A new state library project in Arizona explores yet another e-book path for libraries
We've heard a lot about the progress libraries have made in the e-book realm. But the underlying story of public libraries and e-books remains nettlesome: research shows that most people still do not know that libraries lend e-books, that the lending infrastructure itself remains fractured and restrictive, and that the content is mostly licensed—not owned—and is often costly. As a result, there has been growing concern that public libraries are losing ground to more consumer-friendly private companies eager to become the exclusive e-book providers of the future.
Just last month, for example, the subscription services Oyster and Scribd announced that they will offer Simon & Schuster's entire backlist (over 10,000 titles), along with titles already on offer from HarperCollins and a growing number of indie presses. Such developments are at once exciting and unsettling for public library administrators, who can't help but question their future in such a digital world.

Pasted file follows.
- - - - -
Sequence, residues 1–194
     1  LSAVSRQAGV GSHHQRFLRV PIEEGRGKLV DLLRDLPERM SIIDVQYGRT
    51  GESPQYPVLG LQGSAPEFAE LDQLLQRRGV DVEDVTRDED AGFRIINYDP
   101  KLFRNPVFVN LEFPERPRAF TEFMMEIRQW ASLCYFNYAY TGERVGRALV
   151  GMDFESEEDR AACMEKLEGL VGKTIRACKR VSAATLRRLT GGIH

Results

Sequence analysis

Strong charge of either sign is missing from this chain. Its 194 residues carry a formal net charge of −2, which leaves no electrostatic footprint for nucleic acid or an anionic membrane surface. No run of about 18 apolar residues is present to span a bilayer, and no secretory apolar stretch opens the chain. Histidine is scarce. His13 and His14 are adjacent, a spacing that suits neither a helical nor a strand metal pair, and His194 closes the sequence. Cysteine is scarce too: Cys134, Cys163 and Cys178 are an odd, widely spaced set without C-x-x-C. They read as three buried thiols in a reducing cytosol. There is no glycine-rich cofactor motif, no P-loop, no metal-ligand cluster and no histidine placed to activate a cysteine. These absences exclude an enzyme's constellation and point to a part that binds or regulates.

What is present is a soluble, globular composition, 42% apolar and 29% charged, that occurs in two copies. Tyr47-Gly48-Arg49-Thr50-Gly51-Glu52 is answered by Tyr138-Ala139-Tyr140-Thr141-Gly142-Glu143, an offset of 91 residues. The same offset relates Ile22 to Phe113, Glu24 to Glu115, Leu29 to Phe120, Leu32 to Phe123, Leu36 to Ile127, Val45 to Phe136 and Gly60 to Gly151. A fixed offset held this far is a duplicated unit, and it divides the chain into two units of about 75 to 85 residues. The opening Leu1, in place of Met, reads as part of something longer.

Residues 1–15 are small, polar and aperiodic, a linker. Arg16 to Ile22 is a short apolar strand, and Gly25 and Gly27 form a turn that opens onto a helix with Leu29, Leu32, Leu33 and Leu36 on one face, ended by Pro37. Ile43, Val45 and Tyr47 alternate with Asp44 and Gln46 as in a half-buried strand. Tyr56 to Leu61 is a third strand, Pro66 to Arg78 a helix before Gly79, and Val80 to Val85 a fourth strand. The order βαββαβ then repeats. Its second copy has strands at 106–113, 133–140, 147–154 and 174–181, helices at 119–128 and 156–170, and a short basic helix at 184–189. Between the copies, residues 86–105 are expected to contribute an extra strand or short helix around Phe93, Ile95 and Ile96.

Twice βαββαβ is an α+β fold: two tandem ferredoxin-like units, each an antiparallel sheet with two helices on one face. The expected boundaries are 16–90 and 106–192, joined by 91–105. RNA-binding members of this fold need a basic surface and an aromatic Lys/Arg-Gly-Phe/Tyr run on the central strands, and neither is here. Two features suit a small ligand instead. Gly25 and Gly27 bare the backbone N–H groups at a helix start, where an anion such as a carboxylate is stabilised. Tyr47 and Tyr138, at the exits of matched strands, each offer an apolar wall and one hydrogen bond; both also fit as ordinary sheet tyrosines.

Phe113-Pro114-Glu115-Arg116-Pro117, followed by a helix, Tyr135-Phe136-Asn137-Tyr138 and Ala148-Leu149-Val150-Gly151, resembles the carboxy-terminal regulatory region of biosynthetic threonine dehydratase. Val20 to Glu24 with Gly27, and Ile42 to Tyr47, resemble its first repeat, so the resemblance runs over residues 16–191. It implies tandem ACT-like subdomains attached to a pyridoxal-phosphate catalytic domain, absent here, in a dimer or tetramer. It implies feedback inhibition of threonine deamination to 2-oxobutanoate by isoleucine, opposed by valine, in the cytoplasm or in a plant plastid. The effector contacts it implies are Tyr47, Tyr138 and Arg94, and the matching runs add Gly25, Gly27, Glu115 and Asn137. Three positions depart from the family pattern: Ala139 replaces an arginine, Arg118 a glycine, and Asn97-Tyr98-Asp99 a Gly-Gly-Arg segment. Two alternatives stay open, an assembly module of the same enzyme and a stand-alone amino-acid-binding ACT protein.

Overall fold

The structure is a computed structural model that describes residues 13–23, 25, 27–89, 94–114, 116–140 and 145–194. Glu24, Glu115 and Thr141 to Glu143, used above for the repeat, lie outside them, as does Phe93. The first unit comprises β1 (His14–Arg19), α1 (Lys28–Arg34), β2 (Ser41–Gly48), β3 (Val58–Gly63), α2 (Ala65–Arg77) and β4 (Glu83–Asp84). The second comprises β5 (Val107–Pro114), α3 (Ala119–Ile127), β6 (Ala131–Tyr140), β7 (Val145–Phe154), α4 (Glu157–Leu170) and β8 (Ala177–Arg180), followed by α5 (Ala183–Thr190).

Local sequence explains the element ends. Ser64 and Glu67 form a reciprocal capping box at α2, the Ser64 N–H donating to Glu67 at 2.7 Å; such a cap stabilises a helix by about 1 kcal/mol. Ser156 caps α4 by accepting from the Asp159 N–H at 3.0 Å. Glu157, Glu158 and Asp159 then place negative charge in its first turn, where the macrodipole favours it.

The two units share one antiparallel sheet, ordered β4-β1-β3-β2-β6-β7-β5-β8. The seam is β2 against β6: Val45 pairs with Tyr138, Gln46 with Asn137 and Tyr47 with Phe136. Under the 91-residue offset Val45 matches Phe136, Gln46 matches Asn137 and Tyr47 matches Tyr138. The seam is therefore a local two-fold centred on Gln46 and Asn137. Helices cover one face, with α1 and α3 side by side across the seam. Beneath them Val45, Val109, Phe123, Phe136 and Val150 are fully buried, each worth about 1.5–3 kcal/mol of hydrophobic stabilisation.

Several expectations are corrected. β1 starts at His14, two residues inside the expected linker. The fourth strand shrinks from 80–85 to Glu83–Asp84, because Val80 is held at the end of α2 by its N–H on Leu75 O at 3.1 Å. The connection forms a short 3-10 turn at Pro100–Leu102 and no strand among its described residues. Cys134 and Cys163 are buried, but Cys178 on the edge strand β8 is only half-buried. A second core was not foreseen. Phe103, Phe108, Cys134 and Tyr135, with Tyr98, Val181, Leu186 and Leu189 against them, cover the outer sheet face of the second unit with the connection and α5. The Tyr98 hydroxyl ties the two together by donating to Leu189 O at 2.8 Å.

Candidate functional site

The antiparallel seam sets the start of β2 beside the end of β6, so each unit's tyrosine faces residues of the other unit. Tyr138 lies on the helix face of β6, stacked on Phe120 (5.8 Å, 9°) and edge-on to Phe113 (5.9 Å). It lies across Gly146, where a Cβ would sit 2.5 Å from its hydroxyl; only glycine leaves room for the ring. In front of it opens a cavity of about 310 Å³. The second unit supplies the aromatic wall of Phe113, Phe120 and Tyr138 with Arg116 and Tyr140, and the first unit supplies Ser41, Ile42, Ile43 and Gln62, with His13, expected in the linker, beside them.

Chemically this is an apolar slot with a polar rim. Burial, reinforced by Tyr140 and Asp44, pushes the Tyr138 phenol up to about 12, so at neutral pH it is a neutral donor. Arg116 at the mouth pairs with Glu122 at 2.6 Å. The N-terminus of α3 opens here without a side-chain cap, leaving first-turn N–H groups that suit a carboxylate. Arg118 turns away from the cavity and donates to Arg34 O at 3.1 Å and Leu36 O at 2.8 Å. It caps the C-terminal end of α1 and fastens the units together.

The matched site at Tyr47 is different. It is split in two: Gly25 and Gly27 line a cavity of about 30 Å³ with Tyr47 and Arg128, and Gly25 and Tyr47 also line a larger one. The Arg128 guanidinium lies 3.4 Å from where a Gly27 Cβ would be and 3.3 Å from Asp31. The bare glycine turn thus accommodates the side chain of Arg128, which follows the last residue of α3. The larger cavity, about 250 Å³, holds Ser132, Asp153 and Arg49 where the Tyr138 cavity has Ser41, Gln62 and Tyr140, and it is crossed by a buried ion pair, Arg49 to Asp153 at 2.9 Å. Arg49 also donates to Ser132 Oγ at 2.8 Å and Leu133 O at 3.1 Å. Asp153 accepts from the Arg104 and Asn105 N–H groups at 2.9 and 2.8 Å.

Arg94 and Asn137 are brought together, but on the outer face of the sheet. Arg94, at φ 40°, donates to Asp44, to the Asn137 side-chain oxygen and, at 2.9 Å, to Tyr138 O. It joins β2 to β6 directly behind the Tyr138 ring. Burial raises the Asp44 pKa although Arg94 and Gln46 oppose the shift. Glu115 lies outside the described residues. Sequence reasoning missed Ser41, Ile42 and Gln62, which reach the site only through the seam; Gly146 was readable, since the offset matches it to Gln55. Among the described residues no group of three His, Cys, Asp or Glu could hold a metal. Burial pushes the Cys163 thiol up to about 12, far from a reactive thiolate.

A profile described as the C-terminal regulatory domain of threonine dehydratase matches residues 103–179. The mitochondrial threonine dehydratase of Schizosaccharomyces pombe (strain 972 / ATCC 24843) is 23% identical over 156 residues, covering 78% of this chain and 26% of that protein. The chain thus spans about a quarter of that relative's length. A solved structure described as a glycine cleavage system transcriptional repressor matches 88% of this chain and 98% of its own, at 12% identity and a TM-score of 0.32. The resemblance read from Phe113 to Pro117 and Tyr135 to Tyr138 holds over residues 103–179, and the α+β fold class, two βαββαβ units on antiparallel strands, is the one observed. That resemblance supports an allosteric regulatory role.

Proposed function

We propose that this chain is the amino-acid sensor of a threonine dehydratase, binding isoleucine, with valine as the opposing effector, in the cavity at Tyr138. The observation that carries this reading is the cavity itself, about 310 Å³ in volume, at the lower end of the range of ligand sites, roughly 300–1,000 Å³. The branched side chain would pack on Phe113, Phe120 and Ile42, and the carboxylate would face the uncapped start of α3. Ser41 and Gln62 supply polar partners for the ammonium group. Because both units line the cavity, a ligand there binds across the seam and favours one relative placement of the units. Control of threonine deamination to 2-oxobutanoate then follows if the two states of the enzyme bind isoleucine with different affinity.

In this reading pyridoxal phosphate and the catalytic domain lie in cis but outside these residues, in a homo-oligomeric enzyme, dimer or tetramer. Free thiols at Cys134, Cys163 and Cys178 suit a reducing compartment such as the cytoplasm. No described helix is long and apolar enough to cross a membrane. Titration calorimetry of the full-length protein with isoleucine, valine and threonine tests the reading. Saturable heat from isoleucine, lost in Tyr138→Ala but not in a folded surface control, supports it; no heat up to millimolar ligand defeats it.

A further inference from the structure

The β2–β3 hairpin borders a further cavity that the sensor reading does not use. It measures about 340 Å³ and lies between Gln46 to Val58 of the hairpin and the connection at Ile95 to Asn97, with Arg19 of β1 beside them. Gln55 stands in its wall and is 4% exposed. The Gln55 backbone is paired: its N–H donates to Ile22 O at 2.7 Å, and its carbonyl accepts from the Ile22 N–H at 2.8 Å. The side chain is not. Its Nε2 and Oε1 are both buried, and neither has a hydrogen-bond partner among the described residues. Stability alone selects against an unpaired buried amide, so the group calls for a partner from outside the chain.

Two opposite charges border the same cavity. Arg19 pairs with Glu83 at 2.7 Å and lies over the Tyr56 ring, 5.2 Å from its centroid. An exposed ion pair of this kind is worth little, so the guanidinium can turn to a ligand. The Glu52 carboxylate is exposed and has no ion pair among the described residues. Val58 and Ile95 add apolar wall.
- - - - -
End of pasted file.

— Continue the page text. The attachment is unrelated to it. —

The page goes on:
In response, some libraries have leaned on their traditional strengths—collections and resource sharing—to create new opportunities in the library market. Most famously, the Douglas County (Colo.) Libraries pioneered its own e-book platform. And in the same vein, the Arizona State Library this month signed an agreement with South Carolina–based BiblioLabs to offer a new service called Reading Arizona.
Arizona State librarian Joan Clark said that the project drew its inspiration from the Douglas County Libraries platform, and like that platform, is a direct response to the pronounced shift toward the consumption of digital products. "More libraries are beginning to develop projects like this, where they have their own platforms, select their own content outside of the usual third-party vendors, and find innovative ways to bring content to patrons," she says. "Reading Arizona will not only provide relevant e-books to its patrons—it will contribute to a national conversation about how libraries can best meet growing demand for e-content."
Powered by BiblioBoard (BibioLabs' multimedia content delivery platform), Reading Arizona will offer Arizona-related e-books and other materials via the state library's website starting in August, and eventually via local libraries in the state. The program will use geolocation to allow registration from within Arizona; thus, no library card will be required. All of the content will be available for unlimited, multiuser access, and patrons will be able to have up to three books at a time on offline bookshelves.